Posts Tagged: etymology

Curating Life

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You might say that our blog offers curated literary articles. That might sound pretentious, but not nearly as pretentious as a curated salad, a curated college application, or a curated wine list. The Guardian takes a look at the use, overuse, and history of curation: The idea of the contemporary curator originates with the conceptual art movement […]

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Organic Keeping-on

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Mental Floss’s brief history of the term “OK” is more than just all right. Using Allan Metcalf’s OK: The Improbably Story of America’s Greatest Word as a source, it covers not only the term’s birth, but also how it went the 19th-century version of viral and attained an almost miraculous staying power. Our rating: Overall, keen.

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Yo Mama So Old She’s a Scandinavian Root Word

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These etymological origins of words related to insults are so strange and wonderful that some of them almost seem made up. For example, it seems there used to be enough people writing “snarky epic poems” in Scandinavia that their title, skald, became synonymous with censure, eventually giving us the word scold. The word scoff comes from the equivalent English […]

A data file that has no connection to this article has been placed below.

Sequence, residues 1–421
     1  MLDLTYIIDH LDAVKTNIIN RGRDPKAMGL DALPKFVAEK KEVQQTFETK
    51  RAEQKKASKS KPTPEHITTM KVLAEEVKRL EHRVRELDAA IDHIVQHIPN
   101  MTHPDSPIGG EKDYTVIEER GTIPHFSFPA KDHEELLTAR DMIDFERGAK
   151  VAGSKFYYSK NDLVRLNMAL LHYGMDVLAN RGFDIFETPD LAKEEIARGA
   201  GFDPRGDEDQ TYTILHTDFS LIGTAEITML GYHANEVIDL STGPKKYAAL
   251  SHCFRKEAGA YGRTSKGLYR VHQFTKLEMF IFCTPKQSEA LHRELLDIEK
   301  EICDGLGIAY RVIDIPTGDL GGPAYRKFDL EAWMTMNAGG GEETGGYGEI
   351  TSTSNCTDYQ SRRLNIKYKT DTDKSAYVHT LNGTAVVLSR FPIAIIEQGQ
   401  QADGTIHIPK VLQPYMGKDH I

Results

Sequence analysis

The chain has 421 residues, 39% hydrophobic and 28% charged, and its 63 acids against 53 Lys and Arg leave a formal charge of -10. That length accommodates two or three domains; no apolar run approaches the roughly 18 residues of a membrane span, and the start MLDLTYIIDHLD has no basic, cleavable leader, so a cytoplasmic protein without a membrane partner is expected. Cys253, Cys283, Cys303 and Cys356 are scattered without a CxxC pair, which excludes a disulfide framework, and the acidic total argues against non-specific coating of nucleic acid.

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“Nerd”

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The etymology of the term “nerd” involves a lot of abbreviation, according to English actor, comedian and writer Simon Pegg. However, there’s a lack of fact-checking and historical verification there. American slang adopted the word over fifty years ago, but its origins remain obscure. One theory is that “nerd” came from “knurd,” which is “drunk” […]

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